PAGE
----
Global Agriculture

Australian agriculture faces a wet spring

21 July 2022, AU: Eastern Australia is bracing for a wet spring, adding to the already saturated ground in large parts of New South Wales (NSW) and Queensland and potentially disrupting cattle markets and grain harvests.

The Australian Bureau of Meteorology (BoM) is forecasting wetter than usual conditions for August-October, increasing the likelihood of cooler conditions for the eastern two-thirds of Australia.

A higher than average rainfall through the spring months could see a release in pressure on the northern heavy feeder price because of cattle availability.

Although June saw below-average rainfall for northern NSW, producers are still struggling with waterlogged pastures and paddocks from heavy rainfall early this year. Producers located along the Northern Rivers in NSW have recorded more than 2,500mm of rain since January. These farmers will see production losses as the most recent drop of calves struggle in the wet and cold conditions.

Some parts of the Darling Downs region of Queensland have recorded over 500mm of rain from January-July compared with a usual average of just over 300mm. The usual sorghum harvest on the Darling Downs will come to an end in May, although with increased rainfall, some farmers were still harvesting in late June.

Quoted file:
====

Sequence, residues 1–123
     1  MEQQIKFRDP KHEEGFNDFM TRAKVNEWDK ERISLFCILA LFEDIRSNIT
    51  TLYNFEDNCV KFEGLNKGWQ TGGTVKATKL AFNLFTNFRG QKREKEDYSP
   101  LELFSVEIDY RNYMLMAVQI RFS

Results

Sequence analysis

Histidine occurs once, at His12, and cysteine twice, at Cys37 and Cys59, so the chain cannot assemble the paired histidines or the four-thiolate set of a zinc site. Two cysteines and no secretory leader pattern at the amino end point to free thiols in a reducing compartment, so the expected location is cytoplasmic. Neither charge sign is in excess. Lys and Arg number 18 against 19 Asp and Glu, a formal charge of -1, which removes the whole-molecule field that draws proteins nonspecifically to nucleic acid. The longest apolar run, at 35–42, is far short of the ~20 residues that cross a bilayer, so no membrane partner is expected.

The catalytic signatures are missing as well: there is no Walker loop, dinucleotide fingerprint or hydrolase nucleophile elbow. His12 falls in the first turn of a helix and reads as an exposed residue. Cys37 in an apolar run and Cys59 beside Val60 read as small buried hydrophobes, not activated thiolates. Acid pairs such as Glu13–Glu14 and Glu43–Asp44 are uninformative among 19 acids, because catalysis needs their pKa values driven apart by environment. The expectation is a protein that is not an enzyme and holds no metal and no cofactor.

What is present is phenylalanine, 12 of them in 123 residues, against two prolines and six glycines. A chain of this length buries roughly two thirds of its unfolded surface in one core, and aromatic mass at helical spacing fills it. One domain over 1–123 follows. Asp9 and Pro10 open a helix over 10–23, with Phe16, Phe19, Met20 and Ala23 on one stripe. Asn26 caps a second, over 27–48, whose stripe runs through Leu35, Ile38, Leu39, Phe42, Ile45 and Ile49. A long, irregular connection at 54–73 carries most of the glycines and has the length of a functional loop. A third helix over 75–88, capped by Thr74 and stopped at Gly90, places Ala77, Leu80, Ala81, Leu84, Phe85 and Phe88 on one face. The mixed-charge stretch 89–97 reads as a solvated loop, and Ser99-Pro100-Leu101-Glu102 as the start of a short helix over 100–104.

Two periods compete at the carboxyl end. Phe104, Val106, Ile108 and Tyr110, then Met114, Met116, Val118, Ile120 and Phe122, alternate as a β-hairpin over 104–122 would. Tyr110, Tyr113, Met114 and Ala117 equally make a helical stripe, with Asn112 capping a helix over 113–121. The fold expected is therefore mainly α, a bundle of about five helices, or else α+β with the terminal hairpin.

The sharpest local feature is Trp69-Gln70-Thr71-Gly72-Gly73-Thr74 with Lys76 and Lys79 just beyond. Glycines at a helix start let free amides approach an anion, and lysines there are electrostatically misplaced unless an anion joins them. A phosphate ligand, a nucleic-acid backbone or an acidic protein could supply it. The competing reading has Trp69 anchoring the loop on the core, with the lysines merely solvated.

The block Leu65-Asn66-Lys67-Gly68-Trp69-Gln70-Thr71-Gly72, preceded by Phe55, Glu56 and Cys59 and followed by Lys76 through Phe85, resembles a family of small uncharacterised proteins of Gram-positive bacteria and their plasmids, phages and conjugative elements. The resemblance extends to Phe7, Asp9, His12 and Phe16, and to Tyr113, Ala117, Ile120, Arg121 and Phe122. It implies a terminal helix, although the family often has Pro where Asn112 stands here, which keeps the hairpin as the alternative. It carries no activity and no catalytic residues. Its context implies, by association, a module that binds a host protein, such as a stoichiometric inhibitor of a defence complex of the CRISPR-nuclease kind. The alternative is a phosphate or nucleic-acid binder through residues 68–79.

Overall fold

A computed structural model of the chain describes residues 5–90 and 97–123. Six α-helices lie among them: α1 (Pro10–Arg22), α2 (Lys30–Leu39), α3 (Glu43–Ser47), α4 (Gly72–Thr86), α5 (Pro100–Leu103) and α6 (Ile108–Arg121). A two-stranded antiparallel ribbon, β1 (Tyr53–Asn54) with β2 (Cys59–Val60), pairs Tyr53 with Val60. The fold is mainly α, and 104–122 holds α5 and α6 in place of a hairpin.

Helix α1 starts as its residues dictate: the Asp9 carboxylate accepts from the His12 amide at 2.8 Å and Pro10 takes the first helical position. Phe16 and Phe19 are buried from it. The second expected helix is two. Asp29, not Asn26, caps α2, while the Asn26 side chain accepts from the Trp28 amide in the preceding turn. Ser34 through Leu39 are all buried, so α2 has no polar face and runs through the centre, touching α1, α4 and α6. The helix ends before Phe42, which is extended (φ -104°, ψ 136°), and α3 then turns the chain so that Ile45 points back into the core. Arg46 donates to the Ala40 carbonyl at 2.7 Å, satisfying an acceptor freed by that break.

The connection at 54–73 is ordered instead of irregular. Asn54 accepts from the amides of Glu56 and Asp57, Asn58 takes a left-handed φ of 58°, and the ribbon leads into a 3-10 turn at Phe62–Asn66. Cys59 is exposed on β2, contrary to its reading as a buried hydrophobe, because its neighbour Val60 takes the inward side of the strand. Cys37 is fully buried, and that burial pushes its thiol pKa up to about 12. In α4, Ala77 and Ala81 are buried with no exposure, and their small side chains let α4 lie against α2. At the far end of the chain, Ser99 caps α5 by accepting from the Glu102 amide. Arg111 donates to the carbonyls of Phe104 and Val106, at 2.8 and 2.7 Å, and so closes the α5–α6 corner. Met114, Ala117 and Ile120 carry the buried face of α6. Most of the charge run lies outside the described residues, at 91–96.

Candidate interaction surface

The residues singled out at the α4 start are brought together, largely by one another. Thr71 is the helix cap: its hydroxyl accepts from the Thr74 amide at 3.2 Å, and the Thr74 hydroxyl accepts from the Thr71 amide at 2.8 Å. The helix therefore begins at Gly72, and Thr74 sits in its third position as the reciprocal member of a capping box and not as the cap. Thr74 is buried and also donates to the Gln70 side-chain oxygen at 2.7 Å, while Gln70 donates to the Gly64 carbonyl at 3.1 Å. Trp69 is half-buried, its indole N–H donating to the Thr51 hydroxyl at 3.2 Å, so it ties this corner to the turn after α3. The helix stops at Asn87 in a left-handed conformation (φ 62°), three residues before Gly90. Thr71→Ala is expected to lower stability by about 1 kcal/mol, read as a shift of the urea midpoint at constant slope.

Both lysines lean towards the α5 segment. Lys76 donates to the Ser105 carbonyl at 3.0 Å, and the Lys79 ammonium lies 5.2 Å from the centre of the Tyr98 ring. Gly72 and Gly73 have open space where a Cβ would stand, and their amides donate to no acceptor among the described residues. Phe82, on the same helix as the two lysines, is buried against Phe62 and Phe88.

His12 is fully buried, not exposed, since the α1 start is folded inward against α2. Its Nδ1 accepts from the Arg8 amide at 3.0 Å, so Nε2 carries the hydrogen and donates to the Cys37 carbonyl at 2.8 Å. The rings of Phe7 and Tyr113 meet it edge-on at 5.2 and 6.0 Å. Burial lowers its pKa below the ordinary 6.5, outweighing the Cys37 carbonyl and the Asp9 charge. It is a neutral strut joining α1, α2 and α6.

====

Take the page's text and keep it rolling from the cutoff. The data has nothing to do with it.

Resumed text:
Excess rain on a mature ripe grain crop will cause sprouting, which decreases yields, causing the grain to be downgraded and often diverted from export to domestic markets like livestock and poultry feed. Increased rain at the later stages of a grain crop creates tougher conditions for harvest, with wet boggy fields. There were more lower-quality grains produced during the 2021 NSW harvest as a result of the increased rainfall.

The BoM has said there is a 50pc chance of La Nina returning in late 2022, with a likely development of a negative Indian ocean dipole. Full water catchments will struggle to handle continued rainfall into 2023, with an increased chance of flooding.

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